Love was truly in the air in Scotland this Valentine's Day as numerous couples tied the knot at one of the most popular wedding destinations in the world: Gretna Green Blacksmiths Shop. People have been getting hitched at Gretna Green since the 18th century, and more than 5,000 weddings take place in the area every year. The destination is especially popular for eloping or "runaway marriages," a tradition that began in 1754 with the arrival of Lord Hardwicke's Marriage Act that declared the parent of an under-18 minor could prevent a marriage from taking place. Since the rule only applied to England and Wales, Scotland's loose marriage regulations made it an appealing spot for these elopements. Scottish law also stated that pretty much anyone had the authority to conduct the wedding ceremony, so the blacksmiths in Gretna earned the nickname "anvil priests." Nowadays the blacksmiths shop and its anvils are still a part of the Gretna Green tradition.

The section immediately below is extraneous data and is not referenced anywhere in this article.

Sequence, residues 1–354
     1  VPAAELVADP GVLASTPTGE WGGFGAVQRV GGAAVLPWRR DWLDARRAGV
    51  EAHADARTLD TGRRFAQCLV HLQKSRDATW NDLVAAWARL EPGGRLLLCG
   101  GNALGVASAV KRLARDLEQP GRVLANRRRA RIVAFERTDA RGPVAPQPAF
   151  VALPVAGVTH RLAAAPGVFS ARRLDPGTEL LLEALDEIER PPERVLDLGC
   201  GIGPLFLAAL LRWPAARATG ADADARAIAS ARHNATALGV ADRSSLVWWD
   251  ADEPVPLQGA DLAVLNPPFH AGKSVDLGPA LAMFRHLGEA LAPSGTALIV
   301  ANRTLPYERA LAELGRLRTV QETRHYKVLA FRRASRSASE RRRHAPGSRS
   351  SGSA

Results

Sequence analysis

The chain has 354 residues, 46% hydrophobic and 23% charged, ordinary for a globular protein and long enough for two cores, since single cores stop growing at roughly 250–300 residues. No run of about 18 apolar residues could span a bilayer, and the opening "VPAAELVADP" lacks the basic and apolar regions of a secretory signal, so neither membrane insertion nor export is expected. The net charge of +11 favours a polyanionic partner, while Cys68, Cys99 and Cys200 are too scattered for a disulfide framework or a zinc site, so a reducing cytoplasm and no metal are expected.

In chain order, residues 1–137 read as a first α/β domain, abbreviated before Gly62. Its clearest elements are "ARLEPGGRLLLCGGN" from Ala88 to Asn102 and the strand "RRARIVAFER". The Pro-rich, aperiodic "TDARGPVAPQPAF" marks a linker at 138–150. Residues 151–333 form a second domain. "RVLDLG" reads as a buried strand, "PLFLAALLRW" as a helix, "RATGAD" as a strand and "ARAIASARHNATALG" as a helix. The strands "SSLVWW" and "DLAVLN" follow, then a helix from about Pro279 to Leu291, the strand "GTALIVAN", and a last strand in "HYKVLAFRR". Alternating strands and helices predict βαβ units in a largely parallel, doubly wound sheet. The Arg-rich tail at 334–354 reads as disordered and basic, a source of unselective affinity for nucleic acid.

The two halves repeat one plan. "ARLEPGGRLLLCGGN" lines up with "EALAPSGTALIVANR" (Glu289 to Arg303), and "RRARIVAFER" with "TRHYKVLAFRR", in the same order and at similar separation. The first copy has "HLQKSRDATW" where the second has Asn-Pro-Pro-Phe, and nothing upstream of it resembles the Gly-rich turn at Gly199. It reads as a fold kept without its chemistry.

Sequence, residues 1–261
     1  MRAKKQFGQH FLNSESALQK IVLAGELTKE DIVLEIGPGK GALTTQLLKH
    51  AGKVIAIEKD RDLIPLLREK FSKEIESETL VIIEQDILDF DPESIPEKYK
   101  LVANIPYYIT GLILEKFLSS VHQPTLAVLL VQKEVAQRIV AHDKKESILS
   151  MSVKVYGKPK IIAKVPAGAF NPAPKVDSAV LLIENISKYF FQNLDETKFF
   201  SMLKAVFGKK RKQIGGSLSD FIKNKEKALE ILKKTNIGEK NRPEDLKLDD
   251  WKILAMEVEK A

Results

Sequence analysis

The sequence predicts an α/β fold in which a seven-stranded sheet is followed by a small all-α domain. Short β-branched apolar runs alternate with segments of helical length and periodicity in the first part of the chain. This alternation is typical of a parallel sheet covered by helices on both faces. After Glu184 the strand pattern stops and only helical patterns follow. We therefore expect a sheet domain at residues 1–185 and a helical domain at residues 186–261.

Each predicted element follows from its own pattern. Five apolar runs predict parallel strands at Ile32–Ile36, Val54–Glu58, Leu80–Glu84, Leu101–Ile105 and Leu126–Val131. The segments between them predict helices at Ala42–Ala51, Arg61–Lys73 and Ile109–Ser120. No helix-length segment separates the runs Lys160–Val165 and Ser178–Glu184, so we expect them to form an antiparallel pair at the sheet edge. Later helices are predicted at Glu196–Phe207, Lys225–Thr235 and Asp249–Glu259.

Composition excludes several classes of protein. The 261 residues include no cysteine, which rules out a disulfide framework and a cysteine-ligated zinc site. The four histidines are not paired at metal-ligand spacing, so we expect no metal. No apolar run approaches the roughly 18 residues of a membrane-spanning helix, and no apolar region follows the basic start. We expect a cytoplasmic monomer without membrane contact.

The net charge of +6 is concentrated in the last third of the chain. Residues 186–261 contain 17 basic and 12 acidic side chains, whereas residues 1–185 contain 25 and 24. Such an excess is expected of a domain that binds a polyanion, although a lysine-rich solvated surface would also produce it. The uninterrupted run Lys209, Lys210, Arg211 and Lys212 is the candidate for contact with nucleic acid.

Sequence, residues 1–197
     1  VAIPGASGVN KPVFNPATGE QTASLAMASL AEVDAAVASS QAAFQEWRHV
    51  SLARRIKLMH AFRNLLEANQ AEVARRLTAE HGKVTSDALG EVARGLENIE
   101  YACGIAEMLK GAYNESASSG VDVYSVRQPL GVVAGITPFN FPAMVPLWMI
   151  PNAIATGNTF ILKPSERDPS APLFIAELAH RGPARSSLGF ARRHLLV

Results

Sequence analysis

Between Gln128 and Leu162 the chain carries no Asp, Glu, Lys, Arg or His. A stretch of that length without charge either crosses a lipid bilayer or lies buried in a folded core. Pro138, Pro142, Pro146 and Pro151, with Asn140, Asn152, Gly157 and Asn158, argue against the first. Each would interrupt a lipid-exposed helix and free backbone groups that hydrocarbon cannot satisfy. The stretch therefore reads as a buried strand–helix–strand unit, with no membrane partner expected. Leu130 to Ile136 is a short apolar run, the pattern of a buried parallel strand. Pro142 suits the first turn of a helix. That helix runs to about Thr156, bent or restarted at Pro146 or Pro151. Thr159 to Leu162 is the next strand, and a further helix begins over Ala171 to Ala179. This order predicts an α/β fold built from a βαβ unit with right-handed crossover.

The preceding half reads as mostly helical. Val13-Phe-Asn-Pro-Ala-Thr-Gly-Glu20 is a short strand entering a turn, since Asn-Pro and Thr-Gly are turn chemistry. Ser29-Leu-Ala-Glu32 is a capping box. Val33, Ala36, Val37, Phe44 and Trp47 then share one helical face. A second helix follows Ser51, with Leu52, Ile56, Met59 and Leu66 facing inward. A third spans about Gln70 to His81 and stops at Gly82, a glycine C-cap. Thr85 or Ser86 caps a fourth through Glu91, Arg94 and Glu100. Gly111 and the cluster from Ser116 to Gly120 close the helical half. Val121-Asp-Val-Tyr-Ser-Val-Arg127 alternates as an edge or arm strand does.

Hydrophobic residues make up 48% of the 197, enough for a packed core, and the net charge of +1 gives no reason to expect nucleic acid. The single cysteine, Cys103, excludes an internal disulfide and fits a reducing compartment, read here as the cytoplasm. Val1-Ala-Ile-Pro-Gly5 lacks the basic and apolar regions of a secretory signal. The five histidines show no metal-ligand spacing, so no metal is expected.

The Scottish venue has also been mentioned in popular culture. Jane Austen included it in two of her stories: in Love and Freindship [sic] the protagonists convince a naive girl to elope in Gretna Green, and in Pride and Prejudice a couple elopes, leaving behind a note that they're headed to Gretna Green. More recently, Downton Abbey's Lady Sybil Crawley and her chauffeur-turned-husband Tom Branson were en route to Gretna Green to elope before her sisters convinced them to change their plans.
See what the Scottish wedding tradition looks like in modern times — kilts, bagpipes, and all — with pictures of today's Gretna Green nuptials now!